New Spanish code on military conduct

Respect for human rights to form basis for new code on military conduct

A new code on military conduct which is due to be approved by the Spanish executive will be based on the respect for human rights as set out in the Universal Declaration on Human Rights.

Carme Chacón, the Spanish Minister for Defence, made the announcement yesterday saying that the new code would be approved in a few days time. The new code replaces the one drawn up by Manuel Gutiérrez Mellado in 1978 just before the Spanish constitution came into effect following the death of Franco and the transition to democracy.

The new code is applicable to all members of the Spanish armed forces regardless of their rank. It is also applicable to all soldiers regardless of whether they are taking part in an aggressive operation or peacekeeping operations.

For example, the new code states that any form of humiliation or abuse of detainees or prisoners of war is unacceptable. In situations of conflict it also states that members of the armed forces are obliged to give special protection to vulnerable groups such as women and children.

Most of the principles in the new code are already contained in international conventions to which Spain has already subscribed. The difference is that now they are all contained in a code which will be approved by parliament and which will be taught in military academies.

The new code of conduct gives soldiers the right to object to orders given by their superiors if they believe it goes against the code although paradoxically they can only do this once the order has been carried out if not carrying out the order would jeopardize a mission.

In a veiled reference to Israel’s military operations in Gaza Chacón said that the new code of conduct included two principles of maximum importance. The first was to make a distinction between combatants and non-combatants in an attempt to avoid civilian victims and the second was the principle of limitation which excludes the use of certain weapons such as cluster bombs which Israel has used in its attacks on Gaza and which more than 100 countries are in favour of banning.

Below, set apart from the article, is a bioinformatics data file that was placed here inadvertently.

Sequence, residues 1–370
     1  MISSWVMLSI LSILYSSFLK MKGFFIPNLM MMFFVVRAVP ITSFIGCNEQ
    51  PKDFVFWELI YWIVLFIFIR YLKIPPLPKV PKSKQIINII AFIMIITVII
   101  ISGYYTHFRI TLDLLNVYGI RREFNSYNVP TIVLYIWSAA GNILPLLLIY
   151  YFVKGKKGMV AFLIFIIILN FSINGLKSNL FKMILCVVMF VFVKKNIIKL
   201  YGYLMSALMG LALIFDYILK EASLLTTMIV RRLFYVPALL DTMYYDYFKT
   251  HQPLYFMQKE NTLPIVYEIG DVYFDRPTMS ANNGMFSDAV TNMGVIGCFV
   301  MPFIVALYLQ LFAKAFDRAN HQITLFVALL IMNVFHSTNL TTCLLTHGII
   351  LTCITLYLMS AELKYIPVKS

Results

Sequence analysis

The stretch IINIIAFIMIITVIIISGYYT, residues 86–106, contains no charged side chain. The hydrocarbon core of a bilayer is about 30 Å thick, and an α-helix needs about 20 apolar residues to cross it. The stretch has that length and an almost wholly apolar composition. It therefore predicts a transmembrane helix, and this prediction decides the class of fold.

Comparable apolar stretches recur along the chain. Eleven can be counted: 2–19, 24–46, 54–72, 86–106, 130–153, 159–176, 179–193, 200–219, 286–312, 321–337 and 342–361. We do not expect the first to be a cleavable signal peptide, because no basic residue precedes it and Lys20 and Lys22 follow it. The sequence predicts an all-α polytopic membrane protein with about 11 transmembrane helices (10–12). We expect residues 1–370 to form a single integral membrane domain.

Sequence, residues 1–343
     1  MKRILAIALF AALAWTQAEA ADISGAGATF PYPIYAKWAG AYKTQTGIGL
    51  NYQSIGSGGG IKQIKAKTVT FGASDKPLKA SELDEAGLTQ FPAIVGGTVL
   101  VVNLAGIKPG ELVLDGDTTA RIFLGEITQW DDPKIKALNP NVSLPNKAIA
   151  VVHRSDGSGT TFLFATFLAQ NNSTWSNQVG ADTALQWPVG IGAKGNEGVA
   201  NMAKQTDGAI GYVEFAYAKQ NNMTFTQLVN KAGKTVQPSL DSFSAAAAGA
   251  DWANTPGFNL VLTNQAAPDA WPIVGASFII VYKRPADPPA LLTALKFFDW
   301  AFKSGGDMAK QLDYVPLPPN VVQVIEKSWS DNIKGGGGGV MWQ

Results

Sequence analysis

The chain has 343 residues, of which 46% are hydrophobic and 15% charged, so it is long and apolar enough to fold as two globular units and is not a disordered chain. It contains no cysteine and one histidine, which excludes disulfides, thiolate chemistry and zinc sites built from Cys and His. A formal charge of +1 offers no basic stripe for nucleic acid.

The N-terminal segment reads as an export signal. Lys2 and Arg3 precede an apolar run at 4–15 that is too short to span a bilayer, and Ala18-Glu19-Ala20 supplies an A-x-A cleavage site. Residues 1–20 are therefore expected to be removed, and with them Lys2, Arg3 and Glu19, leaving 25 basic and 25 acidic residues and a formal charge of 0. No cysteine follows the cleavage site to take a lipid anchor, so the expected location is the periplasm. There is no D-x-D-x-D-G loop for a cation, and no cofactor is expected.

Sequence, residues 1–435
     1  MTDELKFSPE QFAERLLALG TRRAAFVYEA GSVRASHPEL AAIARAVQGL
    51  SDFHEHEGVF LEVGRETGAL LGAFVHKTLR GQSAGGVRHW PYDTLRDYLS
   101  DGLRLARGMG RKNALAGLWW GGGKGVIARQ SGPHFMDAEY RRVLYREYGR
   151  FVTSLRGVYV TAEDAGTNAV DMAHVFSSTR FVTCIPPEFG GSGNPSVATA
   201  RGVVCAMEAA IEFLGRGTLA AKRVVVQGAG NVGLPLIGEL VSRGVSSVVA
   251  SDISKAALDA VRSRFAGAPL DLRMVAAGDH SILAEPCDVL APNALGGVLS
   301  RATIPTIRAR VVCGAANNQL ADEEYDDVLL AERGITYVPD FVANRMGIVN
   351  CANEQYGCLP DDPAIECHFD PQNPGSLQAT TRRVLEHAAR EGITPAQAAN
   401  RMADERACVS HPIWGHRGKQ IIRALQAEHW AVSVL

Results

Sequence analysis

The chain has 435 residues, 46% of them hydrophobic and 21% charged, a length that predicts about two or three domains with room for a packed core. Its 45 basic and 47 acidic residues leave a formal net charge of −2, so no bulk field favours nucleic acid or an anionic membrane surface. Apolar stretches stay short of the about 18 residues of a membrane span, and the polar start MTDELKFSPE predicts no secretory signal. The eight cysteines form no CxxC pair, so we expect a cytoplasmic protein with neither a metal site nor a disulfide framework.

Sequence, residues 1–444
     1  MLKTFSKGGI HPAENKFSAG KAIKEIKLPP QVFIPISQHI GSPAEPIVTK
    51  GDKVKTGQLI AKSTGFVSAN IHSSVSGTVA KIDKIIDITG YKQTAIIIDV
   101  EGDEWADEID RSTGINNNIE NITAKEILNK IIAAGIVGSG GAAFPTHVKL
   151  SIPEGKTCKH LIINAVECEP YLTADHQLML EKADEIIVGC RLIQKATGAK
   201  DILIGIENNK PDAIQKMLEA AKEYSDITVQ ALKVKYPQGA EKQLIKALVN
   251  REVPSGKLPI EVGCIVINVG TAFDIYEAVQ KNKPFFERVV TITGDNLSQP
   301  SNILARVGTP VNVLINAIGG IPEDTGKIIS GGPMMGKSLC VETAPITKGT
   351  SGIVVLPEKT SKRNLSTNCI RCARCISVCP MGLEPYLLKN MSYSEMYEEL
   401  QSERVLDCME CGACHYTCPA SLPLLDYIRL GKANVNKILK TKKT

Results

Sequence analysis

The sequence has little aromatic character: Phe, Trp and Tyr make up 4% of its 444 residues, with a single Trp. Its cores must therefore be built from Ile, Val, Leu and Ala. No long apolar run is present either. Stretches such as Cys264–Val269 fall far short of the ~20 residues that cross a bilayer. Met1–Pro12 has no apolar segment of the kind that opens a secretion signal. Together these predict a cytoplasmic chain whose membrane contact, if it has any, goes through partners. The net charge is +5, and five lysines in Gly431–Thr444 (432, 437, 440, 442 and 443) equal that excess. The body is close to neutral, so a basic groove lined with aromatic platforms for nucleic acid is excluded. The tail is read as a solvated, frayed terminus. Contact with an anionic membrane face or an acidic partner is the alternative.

The code also emphasises the use legitimate force in a proportional manner and also protects cultural monuments and religious buildings. In addition, it states that members of the armed forces should be familiar with the customs and culture of the areas they are deployed in and that they should collaborate with civilian authorities and humanitarian organizations.

One of the most significant aspects of the new code of conduct for the armed forces is the consequences that commanders of the armed forces will have to face if troops under their orders commit offences of genocide or abuses against the local population.

The punishments for this are included in the Military Penal Code which is also due to be reformed soon.

Chacón said that the new code of conduct maintained certain deeply rooted traditional aspects of the armed forces. She also stated that the government was now looking at the elaboration of a future law on the rights and duties of members of the armed forces.